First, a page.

For BNCT, it is preferable to bring the patient as close to the beam port as possible to keep the treatment time short, since neutrons scatter through the air and the intensity drops. This is important as the Steboronine® is only approved for infusion for a total of 3 h (the infusion rate for the first two hours is 200 mg/kg/h and the last hour is 100 mg/kg/h). The neutron irradiation is performed when the infusion rate is dropped to 100 mg/kg/h, so the maximum irradiation time (while the BPA is being infused) is limited to 1 h. However, bringing the patient close to the beam port is not easy. This is because the current system only has a single fixed horizontal beam line, and the patient needs to move toward the neutron beam port (unlike conventional radiotherapy, where the gantry rotates around the patient). This is troublesome, particularly for patients with cancer near the hypopharynx area, as the shoulders are an obstacle that prevents bringing the tumour area close to the beam port. Inevitably, this produces an air gap of the order of several centimeters between the beam port and the patient surface, and in some cases greater than 10 cm. This air gap increases the treatment time and an unnecessary exposure to healthy parts of the body.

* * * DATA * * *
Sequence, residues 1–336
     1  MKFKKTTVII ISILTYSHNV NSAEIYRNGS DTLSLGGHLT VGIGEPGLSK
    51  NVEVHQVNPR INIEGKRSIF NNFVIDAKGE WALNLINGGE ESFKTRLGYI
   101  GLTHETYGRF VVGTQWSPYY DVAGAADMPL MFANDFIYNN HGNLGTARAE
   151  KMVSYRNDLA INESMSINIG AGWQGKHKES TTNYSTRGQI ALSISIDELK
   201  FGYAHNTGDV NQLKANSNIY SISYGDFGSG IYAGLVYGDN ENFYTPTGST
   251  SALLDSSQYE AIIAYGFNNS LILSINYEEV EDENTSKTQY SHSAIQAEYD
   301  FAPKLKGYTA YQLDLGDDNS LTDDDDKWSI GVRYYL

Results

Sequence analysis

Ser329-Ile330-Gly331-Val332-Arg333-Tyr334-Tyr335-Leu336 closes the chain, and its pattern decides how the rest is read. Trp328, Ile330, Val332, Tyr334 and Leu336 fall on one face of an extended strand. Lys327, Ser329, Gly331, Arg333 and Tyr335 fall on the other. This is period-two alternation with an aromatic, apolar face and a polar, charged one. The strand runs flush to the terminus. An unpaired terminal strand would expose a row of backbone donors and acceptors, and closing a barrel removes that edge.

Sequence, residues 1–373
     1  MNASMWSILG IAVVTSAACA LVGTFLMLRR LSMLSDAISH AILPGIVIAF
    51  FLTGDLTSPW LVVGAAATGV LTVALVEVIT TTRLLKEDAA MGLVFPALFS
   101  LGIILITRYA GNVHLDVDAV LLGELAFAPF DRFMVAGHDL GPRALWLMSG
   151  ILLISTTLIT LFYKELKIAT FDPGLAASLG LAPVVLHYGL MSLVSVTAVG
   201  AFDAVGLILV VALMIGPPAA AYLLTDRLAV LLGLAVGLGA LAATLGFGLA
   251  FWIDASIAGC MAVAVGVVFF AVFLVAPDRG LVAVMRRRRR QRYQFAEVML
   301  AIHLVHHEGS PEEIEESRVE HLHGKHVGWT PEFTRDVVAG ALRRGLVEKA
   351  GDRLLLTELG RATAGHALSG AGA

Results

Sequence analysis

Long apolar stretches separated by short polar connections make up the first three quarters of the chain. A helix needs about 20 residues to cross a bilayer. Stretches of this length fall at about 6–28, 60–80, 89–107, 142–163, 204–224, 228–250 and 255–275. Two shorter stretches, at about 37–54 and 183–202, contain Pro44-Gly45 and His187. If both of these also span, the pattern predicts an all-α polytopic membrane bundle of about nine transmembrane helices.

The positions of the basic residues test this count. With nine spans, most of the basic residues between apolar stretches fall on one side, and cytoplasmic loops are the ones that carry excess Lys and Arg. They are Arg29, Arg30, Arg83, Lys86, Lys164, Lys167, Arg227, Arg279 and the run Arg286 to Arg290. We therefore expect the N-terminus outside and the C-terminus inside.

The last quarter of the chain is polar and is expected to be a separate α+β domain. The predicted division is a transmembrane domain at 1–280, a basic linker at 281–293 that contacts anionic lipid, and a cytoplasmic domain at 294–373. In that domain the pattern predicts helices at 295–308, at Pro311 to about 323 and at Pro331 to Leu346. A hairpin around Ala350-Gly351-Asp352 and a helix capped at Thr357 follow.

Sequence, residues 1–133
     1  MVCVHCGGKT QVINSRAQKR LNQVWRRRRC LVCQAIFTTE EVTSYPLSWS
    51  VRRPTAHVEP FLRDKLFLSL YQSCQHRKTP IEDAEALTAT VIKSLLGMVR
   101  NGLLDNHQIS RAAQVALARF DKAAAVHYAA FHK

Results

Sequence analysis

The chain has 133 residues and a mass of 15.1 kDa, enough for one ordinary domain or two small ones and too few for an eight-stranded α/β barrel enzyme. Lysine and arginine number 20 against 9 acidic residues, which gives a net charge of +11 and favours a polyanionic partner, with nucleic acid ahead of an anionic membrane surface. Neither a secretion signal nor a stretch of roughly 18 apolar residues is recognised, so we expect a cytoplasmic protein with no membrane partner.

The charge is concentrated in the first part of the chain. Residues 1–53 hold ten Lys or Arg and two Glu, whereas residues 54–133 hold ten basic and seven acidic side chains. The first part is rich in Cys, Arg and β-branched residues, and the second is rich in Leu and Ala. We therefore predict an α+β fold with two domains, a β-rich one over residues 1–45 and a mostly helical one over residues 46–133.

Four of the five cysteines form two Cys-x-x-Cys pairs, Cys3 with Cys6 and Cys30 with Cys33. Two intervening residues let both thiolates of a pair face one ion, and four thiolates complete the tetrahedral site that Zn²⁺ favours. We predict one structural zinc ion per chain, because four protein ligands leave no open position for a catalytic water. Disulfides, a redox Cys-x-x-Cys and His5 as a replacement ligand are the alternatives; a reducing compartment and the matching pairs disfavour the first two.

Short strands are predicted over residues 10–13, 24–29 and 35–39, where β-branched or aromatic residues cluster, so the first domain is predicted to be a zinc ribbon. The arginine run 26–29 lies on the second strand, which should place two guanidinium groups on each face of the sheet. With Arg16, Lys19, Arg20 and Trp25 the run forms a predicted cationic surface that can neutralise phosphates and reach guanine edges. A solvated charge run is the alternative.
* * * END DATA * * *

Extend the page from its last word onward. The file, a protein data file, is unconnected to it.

This paper investigates an improvement in the beam collimator design that can be easily adapted to the current system to address the issues mentioned above.
Material and method
Extended collimator design
A computer aided design software was used to design the collimator (Fig. 1). Two designs were investigated: a 5 cm and a 10 cm extension for the collimator. The diameter of the circular opening abutting the moderator (upstream) was approximately 30 cm and the beam aperture diameter was 12 cm (downstream). The collimator material was polyethylene loaded with natural LiF. The system was designed such that it would be compatible with the existing collimator system and be interchangeable to suit different clinical situations (Fig. 2).
Experimental measurement—water phantom